What would you say Walter Whitman's feelings and tone toward war are, based on lines 18-22 of his poem "The Artillery Man's Vision"?

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Stephen Holliday eNotes educator| Certified Educator

Whitman, as a stretcher bearer and nurse, certainly saw enough of battles and non-battle activities to understand the effects of war on all who participated, whether fighting for the North or South.  Originally entitled "The Veteran's Vision," "The Artilleryman's Vision" is perhaps a more appropriate title because it centers on the remembrance of an artilleryman or artillery observer:

The chief gunner ranges and sights his piece, and selects a fuse of the right time;/After firing, I see him stand aside, and look eagerly off to note the effect. . . . (ll. 15-16)

Clearly, only someone standing with the artillery could be close enough to see the techniques involved in sighting an artillery piece and understand that fuses had to be chosen based on their time increments.  More important, perhaps, is that the speaker, as an artilleryman, is somewhat physically detached from the infantry, and the detachment allows him to observe the carnage rather than be a part of it.

Although Whitman is a pacifist, he is a part of the military machinery, and in several of his poems--for example, "Cavalry Crossing a Ford" and "Bivouac on a Mountainside" (and, one can argue, in "Artilleryman")--he is an observer who, like many veterans of many wars, understands that war, paradoxically, carries an appeal that its participants never quite get over.  True, anyone who has been in battle doesn't want to back there, but battle can have a weird kind of beauty that one doesn't forget:

And ever the sound of the cannon, far or near, (rousing, even in dreams, a devilish exultation, and all the old mad joy, in the depths of my soul. . . . (ll. 25-26)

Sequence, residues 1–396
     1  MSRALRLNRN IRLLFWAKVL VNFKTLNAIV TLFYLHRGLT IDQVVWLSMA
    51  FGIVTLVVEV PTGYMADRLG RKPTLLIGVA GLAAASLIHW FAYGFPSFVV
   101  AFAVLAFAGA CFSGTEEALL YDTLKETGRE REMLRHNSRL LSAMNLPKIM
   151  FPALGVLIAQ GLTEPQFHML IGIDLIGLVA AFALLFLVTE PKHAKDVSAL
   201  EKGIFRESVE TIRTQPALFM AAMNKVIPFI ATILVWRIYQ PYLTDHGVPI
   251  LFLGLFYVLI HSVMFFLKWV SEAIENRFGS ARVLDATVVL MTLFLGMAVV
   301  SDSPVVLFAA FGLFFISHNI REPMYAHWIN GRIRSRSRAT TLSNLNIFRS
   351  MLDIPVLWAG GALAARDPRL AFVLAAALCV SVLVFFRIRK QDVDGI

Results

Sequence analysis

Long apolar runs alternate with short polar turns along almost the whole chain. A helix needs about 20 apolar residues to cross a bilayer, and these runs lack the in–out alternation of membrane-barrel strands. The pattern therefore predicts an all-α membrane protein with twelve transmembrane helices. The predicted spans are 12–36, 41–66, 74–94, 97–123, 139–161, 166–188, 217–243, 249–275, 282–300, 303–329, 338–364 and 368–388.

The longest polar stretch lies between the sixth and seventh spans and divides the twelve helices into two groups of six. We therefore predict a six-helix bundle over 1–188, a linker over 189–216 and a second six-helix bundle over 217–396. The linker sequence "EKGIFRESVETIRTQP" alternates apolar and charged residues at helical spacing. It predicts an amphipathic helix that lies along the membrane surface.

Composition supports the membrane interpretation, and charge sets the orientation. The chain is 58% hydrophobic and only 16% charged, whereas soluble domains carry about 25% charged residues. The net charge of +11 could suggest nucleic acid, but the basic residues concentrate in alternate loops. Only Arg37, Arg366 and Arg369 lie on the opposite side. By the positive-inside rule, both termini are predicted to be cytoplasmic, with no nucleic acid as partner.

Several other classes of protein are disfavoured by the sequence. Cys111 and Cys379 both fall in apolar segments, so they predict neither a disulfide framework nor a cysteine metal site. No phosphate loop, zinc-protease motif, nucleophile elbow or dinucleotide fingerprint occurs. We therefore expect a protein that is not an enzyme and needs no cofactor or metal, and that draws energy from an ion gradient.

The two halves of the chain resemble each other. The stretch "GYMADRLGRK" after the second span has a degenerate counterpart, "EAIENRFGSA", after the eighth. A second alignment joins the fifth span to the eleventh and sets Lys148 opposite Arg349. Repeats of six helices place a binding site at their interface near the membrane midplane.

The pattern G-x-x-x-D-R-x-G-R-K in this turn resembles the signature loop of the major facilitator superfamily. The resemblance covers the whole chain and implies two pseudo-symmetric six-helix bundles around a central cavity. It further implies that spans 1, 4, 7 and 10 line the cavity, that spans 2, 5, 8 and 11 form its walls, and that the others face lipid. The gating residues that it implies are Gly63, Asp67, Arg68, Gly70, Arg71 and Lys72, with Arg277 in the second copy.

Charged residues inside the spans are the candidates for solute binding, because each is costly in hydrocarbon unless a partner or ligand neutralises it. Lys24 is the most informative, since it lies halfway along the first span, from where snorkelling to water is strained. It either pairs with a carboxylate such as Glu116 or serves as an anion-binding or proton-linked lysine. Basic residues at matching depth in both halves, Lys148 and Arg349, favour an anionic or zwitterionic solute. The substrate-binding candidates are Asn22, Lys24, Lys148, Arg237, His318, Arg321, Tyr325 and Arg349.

Even though, in the preceding lines, the speaker acknowledges "the gaps cut by the enemy's volleys," his overriding recollection is the "mad joy" he experienced in the midst of the carnage, a sentiment that is repeated by many combatants from many wars.  As General W. T. Sherman said, war "is hell," but most veterans would also say that there is a perverse beauty in war that stays with them as long as the horror.

Lines 18-22 carry pure observation rather than commentary on war's good or evil.  The speaker recounts a very typical infantry engagement in which a colonel, who usually commands a regiment, leads an infantry unit into battle, with the result of mass casualties and smoke that blots out everyone's vision.  Whitman's goal in this poem, which is masterfully framed by the peaceful scene at the poem's beginning and the last vision of beauty and violence--"at night the varicolor'd rockets"--is to show us that war, despite its horrors, has an attraction that is undeniable.

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